I’ve had three genealogy tests done, at Family Tree DNA, and the results for the “Total” DNA test were:
0% East Asian
0% Native American
Those are the major groups that the world's population belong to, and many people have percentages of more than one type. This is considered accurate, if I remember correctly, for 6 generations back. I don’t think that FTDNA does this particular test anymore.
My direct female line (mtDNA) is type K, which has been traced back to the Austrian/Italian alps some 18,000 years ago. She (the ancestor known as "Katrine") probably was a gatherer - living off of berries, small game, fish, and other easily obtained foods. Here's some more info about mtDNA: http://home.nc.rr.co.../site/mtdna.htm
The 5200 year old corpse of the “Iceman”, which was discovered in 1991 by hikers in the Alps, has my mtDNA halpotype ("K"): http://www.american.edu/TED/iceman.htmhttp://theamt.com/mo...article&sid=218
I think that this guy definitely didn’t have gluten in his diet, lol! It is believed, due to marks on his body, that these Europeans had used acupuncture thousands of years before the Asians. It has been surmised that he may have been a shaman, due to the herbs that he may have been carrying. It is also believed that he could have died from an attack, possibly from a rival group, due to evidence found during the examination of the corpse.
I have traced, through paper-trail and historical research, my female line back to 17th century England, when she migrated to Massachusetts.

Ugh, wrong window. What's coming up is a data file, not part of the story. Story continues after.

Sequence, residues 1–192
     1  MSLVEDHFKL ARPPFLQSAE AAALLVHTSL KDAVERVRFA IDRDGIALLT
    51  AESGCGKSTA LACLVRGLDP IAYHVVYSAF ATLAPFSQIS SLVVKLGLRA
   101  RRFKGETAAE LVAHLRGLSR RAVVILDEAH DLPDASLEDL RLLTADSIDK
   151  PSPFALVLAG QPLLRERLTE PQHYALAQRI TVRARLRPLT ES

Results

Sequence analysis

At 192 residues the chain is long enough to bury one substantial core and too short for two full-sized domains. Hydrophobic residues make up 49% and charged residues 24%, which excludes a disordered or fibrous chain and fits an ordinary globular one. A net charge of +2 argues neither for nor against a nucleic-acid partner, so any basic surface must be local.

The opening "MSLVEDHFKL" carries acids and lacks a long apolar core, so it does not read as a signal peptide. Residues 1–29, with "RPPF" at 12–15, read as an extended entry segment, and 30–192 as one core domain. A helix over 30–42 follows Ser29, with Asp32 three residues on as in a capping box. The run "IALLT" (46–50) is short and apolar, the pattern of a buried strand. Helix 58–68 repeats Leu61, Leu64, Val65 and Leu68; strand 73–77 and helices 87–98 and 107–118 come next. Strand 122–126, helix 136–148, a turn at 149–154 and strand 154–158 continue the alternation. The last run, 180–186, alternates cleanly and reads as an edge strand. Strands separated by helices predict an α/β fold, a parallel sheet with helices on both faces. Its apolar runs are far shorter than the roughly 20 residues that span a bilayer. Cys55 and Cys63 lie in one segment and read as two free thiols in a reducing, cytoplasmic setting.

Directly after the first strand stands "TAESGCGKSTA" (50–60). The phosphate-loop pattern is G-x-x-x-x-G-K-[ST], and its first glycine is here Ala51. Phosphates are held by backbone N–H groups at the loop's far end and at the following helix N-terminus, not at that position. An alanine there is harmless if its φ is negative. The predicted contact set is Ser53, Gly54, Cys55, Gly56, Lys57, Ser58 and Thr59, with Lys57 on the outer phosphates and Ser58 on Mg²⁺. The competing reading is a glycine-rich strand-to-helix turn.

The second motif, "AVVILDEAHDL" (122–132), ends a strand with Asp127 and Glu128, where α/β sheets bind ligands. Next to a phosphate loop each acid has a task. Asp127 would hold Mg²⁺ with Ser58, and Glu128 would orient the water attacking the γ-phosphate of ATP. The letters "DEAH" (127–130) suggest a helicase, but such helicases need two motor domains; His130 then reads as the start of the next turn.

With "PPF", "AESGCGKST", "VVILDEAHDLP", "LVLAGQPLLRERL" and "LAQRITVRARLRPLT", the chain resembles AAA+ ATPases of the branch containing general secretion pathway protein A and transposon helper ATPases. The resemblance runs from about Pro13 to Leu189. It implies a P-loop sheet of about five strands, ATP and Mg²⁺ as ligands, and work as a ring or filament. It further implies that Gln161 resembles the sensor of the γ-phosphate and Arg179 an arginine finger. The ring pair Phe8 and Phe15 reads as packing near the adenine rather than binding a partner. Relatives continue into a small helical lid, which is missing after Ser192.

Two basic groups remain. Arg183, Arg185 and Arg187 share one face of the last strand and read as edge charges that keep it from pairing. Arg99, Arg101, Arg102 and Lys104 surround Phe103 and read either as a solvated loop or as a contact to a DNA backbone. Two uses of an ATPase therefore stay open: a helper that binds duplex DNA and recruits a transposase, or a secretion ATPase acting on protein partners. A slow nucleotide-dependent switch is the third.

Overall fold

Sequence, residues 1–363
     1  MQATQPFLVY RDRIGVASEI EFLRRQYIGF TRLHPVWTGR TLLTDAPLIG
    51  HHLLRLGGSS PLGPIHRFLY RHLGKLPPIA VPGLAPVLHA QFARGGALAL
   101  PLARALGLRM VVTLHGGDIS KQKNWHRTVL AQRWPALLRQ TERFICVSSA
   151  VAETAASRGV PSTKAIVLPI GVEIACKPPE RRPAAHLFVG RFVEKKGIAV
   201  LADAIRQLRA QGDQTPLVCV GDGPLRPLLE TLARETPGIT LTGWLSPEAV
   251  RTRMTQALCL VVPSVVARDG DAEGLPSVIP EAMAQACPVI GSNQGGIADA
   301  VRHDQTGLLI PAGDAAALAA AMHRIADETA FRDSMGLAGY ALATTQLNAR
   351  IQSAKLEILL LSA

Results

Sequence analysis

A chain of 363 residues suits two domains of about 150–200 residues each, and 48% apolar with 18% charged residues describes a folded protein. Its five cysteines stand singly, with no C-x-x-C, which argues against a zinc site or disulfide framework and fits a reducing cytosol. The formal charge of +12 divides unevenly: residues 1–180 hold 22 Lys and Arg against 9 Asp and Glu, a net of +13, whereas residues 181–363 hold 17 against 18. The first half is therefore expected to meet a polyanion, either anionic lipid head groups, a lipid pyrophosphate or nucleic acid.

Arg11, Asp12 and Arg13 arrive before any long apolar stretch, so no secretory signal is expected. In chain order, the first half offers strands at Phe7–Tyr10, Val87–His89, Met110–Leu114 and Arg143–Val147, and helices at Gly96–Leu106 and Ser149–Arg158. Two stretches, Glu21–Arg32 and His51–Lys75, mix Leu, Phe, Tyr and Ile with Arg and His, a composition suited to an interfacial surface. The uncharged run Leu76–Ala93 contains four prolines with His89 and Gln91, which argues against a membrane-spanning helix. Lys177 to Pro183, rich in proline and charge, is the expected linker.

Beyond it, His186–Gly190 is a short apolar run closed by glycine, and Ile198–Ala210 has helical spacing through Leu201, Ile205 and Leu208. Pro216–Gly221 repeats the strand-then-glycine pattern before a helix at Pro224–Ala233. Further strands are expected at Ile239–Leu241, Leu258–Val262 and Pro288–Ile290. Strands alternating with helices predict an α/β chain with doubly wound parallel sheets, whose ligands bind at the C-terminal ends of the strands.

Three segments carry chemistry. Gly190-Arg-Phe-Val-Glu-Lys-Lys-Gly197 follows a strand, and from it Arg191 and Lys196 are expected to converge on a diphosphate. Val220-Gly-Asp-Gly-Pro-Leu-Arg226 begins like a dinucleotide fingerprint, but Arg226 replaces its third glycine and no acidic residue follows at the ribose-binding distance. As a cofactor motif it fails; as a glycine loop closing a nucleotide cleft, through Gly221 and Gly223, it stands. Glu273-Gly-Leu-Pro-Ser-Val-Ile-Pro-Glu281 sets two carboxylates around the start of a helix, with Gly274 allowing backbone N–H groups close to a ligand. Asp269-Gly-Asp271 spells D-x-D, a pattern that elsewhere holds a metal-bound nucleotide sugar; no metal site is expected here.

My direct male (Y-DNA) line is E3B, These y-lines are found in Europe, Western Asia (Middle East), and North and East Africa. My ancestor probably migrated up North a very long time ago, during the Neolithic expansion. My great-grandfather came to the U.S. from Germany, or Bavaria, in the 19th century. I have been in touch with other people whose fathers' ancestors were Swedish, Dutch, German and other Northern European nationalities, who also have E3b Y-DNA. http://www.familytre...e&projecttype=G
My genealogy research (paper trail) shows that I have:
British (including several Mayflower passengers)
Possibly some French
Diagnosed with Celiac March, 2005: Positive endoscopy, blood tests and biopsy. Gluten free since March 2005.
Retested Jan. 2006: Negative blood tests: "Results do not support a diagnosis of celiac disease. Serological markers for celiac disease were not detected."
Results for 2006 endoscope/biopsy pending.
Ignorance is preferable to error, and he is less remote from the truth who believes nothing than he who believes what is wrong.
Give me the storm and stress of thought and action rather than the dead calm of ignorance and faith. Banish me from Eden when you will but first let me eat of the fruit of the Tree of Knowledge.
- Robert Green Ingersoll